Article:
January 5, 1985 – June 29, 1991
Darling Angel in Heaven
       “I don’t know what to say, Dawn.” He never believed in angels or spirits or the dead visiting the living, but seeing what had to be the little girl’s memorial at his feet proved he’d been wrong about a lot of things.  He found himself afraid, yet embarrassed to tell Dawn that he’d seen Alisa several times.  “Do you think she was your guardian angel?”

       She couldn't respond.  Just nodded, mustering the tears.  Desperately holding back the flood of emotion.  
       “Not her.  God.”  She gave him a moment to register what she’d said, then added.  “After the trial was over and Amos Jones was sentenced to prison, I moved to New Orleans to put the pieces of my life back together.  I worked night and day to keep myself busy and I used to jog in Lafreniere Park every chance I got.  I remember driving back to my condo praying for comfort.  For peace.  For a man who would love me unconditionally.   A few months later, you and I crossed paths during the Bayou Classic.  God has always placed people in my path … to protect me … to teach me.  But all I’ve ever done is hurt them as I’ve hurt you.  I feel like he took my mom away to punish me for all the wrongs I’ve done --”

       Philip gathered her in his arms, pressed his lips against her forehead.  “I forgive you Dawn.  And you know I’ll always be here for you.  God has truly pulled us through some rough times, huh?” he chuckled.

       She pulled away from him gently.  “What I've been trying to figure out is ... why me?  But it’s obvious.  God places people and situations in our lives to prepare us for what He has in store for our lives.”

       “You need to share your testimony with the world,” Philip said.”

       “I will.”  
            His eyes were watching her.  Through that window just above where the flat roofline of the church ended and a secret hiding place began -- living quarters of some kind or maybe even an attic or just a dark dingy closet.  He was there and he was studying her every move.
        Long sinewy fingers picked up the receiver and dialed.  Anxiously.  Almost elatedly he waited for the voice to answer on the other end of the line.  No one gave him the credit he deserved and now he'd earn the boss' trust. Receive a pat on the back from the big man himself.  Maybe even a reward.
        "Tell me something good."
       "She's here.   In the cemetery.  I’m looking right at her now."
       Emilio’s eyes squinted with delight and a smile spread his lips as he looked out over the Serengeti, admiring the miracle of birth as a baby elephant was pushed from its mother’s womb. 
       Africa the beautiful!
       And as if the animal, rambling across the plain toward the herd of elephants had come to welcome the newest addition, its long bushy mane flowing in the wind, the lion roared exposing its mighty teeth to the new mother.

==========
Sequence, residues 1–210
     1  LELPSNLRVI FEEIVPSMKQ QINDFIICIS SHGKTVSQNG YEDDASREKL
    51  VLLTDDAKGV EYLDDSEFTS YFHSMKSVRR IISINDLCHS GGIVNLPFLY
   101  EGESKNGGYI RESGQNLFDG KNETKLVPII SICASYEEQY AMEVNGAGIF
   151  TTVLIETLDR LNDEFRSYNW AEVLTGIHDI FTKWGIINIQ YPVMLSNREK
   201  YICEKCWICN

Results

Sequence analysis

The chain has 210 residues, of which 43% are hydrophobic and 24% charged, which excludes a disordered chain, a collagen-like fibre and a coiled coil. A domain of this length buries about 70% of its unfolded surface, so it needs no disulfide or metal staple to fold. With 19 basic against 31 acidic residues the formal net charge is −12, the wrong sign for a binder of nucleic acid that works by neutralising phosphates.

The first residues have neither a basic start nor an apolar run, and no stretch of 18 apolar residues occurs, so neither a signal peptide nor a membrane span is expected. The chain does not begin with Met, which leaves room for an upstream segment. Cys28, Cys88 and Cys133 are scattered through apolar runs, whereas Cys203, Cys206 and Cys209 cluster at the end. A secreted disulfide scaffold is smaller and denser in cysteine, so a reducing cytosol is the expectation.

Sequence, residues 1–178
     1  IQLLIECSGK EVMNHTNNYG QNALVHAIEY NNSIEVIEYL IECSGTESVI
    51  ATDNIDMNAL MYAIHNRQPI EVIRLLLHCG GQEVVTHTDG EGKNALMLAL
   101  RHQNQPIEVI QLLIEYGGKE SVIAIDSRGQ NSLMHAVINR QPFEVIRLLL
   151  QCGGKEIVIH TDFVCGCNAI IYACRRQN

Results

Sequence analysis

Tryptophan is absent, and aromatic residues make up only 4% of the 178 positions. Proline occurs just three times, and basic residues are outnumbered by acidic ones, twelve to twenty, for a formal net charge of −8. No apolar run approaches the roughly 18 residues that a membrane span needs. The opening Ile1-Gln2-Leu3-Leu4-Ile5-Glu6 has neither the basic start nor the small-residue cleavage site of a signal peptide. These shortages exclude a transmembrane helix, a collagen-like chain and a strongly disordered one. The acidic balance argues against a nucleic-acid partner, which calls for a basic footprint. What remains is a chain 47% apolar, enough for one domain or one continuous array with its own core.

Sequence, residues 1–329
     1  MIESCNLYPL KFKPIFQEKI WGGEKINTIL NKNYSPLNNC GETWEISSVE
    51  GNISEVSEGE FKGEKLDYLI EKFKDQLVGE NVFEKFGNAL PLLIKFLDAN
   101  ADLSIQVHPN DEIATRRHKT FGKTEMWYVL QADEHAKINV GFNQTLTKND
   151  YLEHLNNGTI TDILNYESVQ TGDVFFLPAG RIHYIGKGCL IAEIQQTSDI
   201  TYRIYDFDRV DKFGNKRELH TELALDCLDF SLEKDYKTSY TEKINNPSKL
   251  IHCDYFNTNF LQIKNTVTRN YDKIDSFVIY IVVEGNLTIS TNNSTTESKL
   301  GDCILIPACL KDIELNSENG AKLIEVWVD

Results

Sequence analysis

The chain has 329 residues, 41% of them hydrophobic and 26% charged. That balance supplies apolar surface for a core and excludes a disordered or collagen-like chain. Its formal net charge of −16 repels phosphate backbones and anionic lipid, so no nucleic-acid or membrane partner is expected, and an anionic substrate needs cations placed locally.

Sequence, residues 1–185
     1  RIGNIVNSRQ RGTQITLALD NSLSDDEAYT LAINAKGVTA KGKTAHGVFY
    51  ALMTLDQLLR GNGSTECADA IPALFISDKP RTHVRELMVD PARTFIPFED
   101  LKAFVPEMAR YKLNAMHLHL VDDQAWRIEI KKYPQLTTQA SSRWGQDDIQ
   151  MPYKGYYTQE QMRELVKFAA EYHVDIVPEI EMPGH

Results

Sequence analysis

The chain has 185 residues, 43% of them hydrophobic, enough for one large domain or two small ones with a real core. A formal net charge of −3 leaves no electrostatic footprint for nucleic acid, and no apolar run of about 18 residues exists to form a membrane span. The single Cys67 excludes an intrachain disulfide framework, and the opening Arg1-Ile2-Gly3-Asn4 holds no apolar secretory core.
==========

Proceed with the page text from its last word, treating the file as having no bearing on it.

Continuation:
“Take care of it.” He ended the call.     

       Without another moment wasted, the man balanced the butt of the rifle on his shoulder, strategically aimed the gun at Dawn’s head and looked through the scope.  His heart raced with excitement. Quivered with anticipation.
       Someone was climbing the stairs in the hallway beyond the closed door.  The intruder was wearing heeled shoes; the heels clonking with each exigent step.  He had to do it now.  The consequences didn’t matter.  Life in prison, even a death sentence couldn’t draw any fear.  Wouldn’t tarnish the well-thought out plan.  He’d watched her for months, waited for the perfect opportunity.
       Besides, the boss’d given the word.  Granted him a chance to prove his loyalty.  He hadn’t considered locking the door when he’d entered.  Why would anyone think to look for him there?  It wasn’t but a dingy janitor’s closet with a yellow stained glass window overlooking the graveyard, littered with a ladder, discarded studs, brooms and other cleaning supplies.  He smelled the stench of a dirty mop and saw the cacophony of cobwebs draping in the corner, dancing in the breeze like a wraith suspended there, cheering his murderous plot.  A damaged statue with a grotesquely chipped nose and fading paint sat propped in the corner, its glassy eyes staring at him as if offering a sign of peace in the wake of the sin. 
       The old door creaked noisily as it was quickly opened behind him.
       “No!” a woman’s voice screamed, pleading with urgency.
       The gunman pulled the trigger.











Table of Contents


Table of Contents


Chapter One

Chapter Two

Chapter Three

Chapter Four

Chapter Five

Chapter Six

Chapter Seven

Chapter Eight

Chapter Nine

Chapter Ten

Chapter Eleven

Chapter Twelve

Chapter Thirteen

Chapter Fourteen

Chapter Fifteen

Chapter Sixteen

Chapter Seventeen

Chapter Eighteen

Chapter Nineteen

Chapter Twenty